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Anti-drink ads warning

10th December 2007

A study by the University of Bath has put forward the opinion that anti-drinking advertisements may be "inadvertently glamorising" alcohol.

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Researchers said that the advertisements' focus on people acting foolishly while intoxicated could be viewed as humorous or aspirational by young people.

The study was funded by the Economic & Social Research Council. It interviewed 94 young people in the country over the course of three years.

The researchers cautioned that young groups of friends could interpret the behaviour shown in the adverts as a way of deepening friendships and cementing "membership of a peer group".

The research team said that adverts showing intoxicated behaviour - for example being ejected from a club or lying unconscious - were interpreted by young people as acceptable behaviour on a good night out.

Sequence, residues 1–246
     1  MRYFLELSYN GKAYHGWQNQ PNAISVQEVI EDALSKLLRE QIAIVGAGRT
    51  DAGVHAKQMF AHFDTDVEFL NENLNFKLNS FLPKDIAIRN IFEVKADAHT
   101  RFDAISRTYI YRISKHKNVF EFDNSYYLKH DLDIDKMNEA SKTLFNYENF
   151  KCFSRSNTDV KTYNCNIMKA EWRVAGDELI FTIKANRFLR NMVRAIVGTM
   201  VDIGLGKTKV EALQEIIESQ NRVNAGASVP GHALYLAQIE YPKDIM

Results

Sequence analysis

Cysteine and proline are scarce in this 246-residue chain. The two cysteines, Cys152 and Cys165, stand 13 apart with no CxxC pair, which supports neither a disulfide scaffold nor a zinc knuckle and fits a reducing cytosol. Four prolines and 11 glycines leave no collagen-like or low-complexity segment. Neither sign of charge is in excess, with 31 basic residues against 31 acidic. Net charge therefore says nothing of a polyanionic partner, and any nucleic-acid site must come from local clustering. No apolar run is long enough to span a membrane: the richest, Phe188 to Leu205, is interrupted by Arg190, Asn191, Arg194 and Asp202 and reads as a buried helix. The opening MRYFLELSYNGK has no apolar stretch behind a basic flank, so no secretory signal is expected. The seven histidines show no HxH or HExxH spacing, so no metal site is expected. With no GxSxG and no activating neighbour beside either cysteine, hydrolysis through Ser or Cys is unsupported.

Lead researcher Professor Christine Griffin said: "Extreme inebriation is often seen as a source of personal esteem and social affirmation amongst young people."

She said that drinking to excess and the antics that resulted "were key markers of young peoples' social identity".

Professor Chris Hackley, from Royal Holloway, University of London, also took part in the research.

He said that drinking was often seen by groups of friends as something which could bond them together and was associated with positive experiences. He warned that the current television anti-drinking campaigns could be "catastrophically misconceived".

Professor Hackley stated that the results of the research suggested that the government should radically rethink their policy on alcohol and how they should tackle the subject in the future.

 


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